The recent merger announced by Time Warner Cable and its rival, Comcast, has come as an unwelcome surprise to some, while others see the move as predictable and opportunistic. Comcast and Time Warner are two of the biggest names in the communications industry: together, they've been masters of a massive proportion of the market share across the United States for many years. Some insiders worry about "big cable" and claim you should be worried too. But why?
The simple answer comes down to competition. Competition is good from consumers' perspectives, because companies are forced to fight for a share of the market. Historically, lower prices, better offers, and expansion have been a successful combination for corporations looking to gain a foothold in the economy.
Like all large businesses, both Comcast and Time Warner eventually "ate" so many of the other companies—and consequently expanded so much—that they became the two biggest fish in the communications bowl. In Shakespearean terms, they were "two households, both alike in dignity" and were faced with a very limited number of choices: keep fighting or unite in a Comcast/Time Warner merger.
Comcast and Time Warner will undoubtedly become a stronger corporation when the deal is finalized. Consumers' concerns, however, may indeed be legitimate. In the past, similar large-scale mergers have had a negative impact on customer service as well as price structures. Simply put, when companies swell to enormous proportions and envelop the market almost entirely, they tend to relax. After all, customers suddenly have fewer choices. In fact, in many areas, it'll come down to Comcast or Comcast.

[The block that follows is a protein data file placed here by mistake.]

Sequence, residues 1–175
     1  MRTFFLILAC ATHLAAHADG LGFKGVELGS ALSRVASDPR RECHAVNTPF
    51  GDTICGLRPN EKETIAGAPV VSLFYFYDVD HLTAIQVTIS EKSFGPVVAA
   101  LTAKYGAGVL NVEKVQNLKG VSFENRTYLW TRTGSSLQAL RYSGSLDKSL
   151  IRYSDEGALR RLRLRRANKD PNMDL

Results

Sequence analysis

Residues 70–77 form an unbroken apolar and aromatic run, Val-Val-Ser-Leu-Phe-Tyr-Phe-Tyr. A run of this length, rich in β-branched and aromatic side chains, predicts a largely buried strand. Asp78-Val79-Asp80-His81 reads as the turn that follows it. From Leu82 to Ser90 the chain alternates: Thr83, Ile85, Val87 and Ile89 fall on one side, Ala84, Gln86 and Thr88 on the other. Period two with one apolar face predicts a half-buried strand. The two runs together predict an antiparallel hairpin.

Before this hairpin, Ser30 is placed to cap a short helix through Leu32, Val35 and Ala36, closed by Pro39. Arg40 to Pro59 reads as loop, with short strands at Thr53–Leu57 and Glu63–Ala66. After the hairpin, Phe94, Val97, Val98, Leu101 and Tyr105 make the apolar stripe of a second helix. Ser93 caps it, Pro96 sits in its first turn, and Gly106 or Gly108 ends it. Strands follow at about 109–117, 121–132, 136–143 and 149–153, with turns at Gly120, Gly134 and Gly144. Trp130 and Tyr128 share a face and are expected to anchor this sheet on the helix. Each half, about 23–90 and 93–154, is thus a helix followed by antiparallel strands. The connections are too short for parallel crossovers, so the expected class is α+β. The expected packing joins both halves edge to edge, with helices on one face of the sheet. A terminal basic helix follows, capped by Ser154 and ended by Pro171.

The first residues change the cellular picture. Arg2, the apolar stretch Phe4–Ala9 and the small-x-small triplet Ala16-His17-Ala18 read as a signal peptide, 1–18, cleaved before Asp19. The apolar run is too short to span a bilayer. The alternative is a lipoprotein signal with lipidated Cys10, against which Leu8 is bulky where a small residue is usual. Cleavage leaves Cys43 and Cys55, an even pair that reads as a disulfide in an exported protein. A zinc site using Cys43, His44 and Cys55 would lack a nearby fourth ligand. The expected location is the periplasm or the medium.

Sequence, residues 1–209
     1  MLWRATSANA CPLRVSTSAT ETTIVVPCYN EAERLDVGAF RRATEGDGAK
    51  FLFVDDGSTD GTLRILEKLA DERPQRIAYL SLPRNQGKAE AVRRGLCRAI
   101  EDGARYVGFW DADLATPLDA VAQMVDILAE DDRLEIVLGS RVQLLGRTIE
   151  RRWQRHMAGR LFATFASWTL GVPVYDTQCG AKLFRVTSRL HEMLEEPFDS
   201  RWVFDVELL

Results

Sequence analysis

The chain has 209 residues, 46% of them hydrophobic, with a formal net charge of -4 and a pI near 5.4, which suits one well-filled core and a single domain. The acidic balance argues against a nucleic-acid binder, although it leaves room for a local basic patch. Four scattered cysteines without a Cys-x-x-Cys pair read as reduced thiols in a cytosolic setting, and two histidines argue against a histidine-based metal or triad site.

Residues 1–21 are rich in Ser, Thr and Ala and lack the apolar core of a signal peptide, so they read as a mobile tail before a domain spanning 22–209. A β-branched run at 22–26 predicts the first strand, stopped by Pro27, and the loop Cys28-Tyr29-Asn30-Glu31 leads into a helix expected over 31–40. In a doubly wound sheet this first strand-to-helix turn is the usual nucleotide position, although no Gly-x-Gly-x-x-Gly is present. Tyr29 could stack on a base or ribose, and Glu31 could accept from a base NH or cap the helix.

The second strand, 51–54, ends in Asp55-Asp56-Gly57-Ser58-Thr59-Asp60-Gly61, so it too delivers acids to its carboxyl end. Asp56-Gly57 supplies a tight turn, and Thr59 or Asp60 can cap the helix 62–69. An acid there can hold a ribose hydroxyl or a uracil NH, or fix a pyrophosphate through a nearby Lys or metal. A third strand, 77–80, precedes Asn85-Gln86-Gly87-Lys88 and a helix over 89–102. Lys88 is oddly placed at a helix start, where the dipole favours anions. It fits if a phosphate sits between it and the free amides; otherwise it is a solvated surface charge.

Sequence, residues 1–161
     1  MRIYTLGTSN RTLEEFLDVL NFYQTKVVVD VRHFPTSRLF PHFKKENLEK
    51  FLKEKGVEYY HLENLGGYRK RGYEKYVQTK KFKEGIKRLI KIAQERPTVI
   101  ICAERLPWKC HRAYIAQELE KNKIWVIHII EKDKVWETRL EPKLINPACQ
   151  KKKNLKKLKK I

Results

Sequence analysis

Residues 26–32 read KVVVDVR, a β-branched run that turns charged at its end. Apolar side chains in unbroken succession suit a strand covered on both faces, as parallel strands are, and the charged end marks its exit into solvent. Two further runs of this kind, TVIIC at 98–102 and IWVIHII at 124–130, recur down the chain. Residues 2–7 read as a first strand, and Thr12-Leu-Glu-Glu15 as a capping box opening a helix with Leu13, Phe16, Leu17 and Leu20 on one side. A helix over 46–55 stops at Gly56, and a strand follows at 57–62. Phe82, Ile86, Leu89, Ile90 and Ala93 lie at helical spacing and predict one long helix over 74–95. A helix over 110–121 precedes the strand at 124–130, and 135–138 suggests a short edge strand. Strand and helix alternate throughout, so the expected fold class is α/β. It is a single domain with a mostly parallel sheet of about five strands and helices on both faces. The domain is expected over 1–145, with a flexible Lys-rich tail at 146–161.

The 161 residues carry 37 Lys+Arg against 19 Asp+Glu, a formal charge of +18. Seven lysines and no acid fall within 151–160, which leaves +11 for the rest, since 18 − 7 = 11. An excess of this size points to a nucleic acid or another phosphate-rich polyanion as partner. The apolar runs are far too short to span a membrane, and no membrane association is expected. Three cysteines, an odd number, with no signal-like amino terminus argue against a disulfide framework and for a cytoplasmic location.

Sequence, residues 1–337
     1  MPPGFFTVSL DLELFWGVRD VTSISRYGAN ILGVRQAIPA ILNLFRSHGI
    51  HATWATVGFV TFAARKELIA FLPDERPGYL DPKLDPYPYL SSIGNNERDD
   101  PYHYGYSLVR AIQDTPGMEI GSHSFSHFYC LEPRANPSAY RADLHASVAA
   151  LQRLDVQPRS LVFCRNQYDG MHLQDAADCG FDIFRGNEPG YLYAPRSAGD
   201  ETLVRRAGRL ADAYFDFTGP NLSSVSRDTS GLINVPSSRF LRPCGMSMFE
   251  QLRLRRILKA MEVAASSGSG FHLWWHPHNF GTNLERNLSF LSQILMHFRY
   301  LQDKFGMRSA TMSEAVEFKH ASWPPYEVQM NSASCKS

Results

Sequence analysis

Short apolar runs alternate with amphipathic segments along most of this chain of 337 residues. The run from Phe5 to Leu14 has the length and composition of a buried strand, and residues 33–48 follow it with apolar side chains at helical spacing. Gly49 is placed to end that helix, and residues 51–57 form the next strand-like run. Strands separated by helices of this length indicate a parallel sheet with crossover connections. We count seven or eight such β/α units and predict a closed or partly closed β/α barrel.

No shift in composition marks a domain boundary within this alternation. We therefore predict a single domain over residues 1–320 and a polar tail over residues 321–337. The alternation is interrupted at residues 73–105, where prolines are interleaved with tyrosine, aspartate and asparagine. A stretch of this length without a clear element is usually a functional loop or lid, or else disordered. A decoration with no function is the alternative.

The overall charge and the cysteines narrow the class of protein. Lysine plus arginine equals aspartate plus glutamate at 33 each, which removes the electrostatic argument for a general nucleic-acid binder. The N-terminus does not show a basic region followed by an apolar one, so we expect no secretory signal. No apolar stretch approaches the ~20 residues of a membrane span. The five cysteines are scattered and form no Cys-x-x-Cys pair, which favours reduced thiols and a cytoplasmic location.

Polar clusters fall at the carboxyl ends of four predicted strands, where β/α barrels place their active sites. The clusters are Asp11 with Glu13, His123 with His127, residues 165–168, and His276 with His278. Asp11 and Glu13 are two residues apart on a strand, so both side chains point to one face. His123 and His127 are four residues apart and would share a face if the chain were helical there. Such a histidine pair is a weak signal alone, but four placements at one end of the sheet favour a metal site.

When companies such as Comcast try to acquire other large companies like Time Warner, merger deals are a little more complex. For example, Comcast and Time Warner still have to convince the Justice Department and Federal Communications Commission to let the plans fly. If lawmakers do not approve the Comcast and Time Warner Cable merger, both companies will have to make alternative plans.
If, on the other hand, the Justice Department and Federal Communications Commission do approve the $45 billion dollar merger, Comcast and Time Warner will converge and become the largest cable company in America. From a customer service perspective, this may not be such a great deal. From an employment perspective, things look a little more promising.
According to Time Warner spokesman Mike Hogan, people interested in careers with either company have nothing to worry about. During a recent interview, Hogan encouraged jobseekers to continue applying for positions at both Comcast and Time Warner. New jobs, he said, are likely to remain secure: Time Warner intends to retain the "vast majority" of their employees, despite the merger
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